Walker-Bone urged employers to play their part in supporting workers with back, neck and other MSD conditions to reap the health benefits from staying in work.
“Back and neck pain, shoulder and knee pain and osteoarthritis – five of the top six problems that affect our work productivity are musculoskeletal or, allied to it, depression, fatigue and pain.”
Professor Walker-Bone addressing the HSE conference in London on musculoskeletal disorders yesterday, on one hand painted a dire picture of the problem that is pervasive across the UK.
“Of the people off sick for 6 months, only 50 per cent of go back to work – long term sickness is really bad for a person’s health,” she said.
New UK disability claims are also among highest in the 35 world wide member countries of the Organisation for Economic Co-operation and Development (OECD). "Mental health and MSDs are the major conditions that cause this."
On the other hand she gave a helpful and inspiring view of the solutions, pointing out the role that employers can play in preventing conditions before they become serious and, in helping their employees stay in work if they do.
“Work is generally good for physical and mental health and wellbeing. Unemployment and unnecessarily prolonged sickness absence are generally bad for physical and mental health and wellbeing – people get more ill when off sick.”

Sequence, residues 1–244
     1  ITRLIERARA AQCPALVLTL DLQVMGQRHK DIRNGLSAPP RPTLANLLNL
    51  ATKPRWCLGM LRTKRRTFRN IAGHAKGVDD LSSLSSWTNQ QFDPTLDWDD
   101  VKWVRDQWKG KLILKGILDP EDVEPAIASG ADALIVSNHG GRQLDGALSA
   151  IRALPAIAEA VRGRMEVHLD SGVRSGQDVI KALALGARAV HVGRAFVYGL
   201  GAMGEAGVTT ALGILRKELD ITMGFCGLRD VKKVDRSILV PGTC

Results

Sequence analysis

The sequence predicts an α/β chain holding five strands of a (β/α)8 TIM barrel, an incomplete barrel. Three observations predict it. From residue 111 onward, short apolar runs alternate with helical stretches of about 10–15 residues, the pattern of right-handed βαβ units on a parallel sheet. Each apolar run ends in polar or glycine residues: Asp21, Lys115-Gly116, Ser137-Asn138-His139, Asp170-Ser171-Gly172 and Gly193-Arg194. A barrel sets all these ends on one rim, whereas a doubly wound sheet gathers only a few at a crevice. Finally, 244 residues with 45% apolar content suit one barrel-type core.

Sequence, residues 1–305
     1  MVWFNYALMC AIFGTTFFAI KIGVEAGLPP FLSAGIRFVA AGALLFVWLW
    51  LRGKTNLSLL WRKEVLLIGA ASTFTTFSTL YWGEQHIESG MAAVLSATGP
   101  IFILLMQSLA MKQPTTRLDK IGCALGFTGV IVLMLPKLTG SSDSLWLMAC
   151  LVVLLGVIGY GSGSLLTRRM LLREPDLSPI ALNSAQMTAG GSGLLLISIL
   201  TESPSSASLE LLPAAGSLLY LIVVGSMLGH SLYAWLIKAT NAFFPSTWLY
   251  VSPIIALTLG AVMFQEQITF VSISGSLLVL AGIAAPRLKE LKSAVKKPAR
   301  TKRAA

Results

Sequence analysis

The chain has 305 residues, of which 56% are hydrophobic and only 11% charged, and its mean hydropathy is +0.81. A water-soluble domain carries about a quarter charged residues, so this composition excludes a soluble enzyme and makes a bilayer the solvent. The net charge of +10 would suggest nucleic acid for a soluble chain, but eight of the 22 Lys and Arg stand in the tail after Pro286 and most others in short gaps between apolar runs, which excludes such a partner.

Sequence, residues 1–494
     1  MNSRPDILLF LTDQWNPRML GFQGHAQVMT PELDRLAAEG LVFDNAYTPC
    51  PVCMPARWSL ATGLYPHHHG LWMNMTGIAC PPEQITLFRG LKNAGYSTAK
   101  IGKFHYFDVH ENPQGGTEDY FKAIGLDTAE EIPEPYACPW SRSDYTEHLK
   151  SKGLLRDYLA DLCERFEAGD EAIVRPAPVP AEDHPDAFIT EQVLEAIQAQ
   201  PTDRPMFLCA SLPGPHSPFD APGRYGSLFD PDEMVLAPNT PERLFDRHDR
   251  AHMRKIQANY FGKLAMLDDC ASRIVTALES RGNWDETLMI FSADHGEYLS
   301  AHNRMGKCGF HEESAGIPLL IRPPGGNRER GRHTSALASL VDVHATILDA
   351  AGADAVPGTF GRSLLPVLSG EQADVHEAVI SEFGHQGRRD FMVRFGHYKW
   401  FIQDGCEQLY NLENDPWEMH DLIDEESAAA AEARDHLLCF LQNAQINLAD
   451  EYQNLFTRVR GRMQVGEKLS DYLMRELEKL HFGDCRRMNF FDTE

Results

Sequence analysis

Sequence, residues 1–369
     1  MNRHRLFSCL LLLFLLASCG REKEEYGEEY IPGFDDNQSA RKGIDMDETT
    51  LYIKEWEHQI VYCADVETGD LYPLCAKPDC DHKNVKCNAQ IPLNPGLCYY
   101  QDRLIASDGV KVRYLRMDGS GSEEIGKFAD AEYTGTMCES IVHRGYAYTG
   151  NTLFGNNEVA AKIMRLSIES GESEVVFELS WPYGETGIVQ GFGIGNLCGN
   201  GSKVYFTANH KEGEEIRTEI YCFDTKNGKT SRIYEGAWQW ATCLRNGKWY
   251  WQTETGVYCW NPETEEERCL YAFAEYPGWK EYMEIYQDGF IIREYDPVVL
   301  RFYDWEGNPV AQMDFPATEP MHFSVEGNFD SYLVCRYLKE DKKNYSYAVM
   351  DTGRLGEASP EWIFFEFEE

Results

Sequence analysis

She warned against following the government’s ‘daft’ approach that neatly compartmentalises mental health and MSDs.
“These are not silos, the individuals that have MSDs often have depression, and vice versa. And any strategy that’s going to change the risks of mental health needs could also help with MSK and vice versa.”
Her advice showed how helping people stay in work, by making adaptations to their needs and being ‘compassionate’ rather than pressurising them to recover, would help their mental health and all the associated benefits of wider health.
“Unemployment effects mental health – when you come back to the workplace it can reverse those adverse effects. This applies to healthy people of all ages. People are better off when they’re being more productive, that’s what human beings are for.”
Employers also had a vital role in responding to conditions before they worsen, Walker-Bone giving the example of a previous patient, a 44-year old bank clerk. The lady had experienced a treatable wrist pain due to her work. Over time she became reliant on medication due to limited movement that had progressed throughout her body, considerable pain and low moods.
“If an individual leaves work on health grounds you could argue the organisation has failed them. You must think what could you do differently, what should prevent this happening to the next person who comes along?”
Professor Walker-Bone, director of the Centre for Musculoskeletal Health & Work at the University of Southampton was speaking at HSE’s MSD summit in London on 21 March. Watch her speech on Live Stream here
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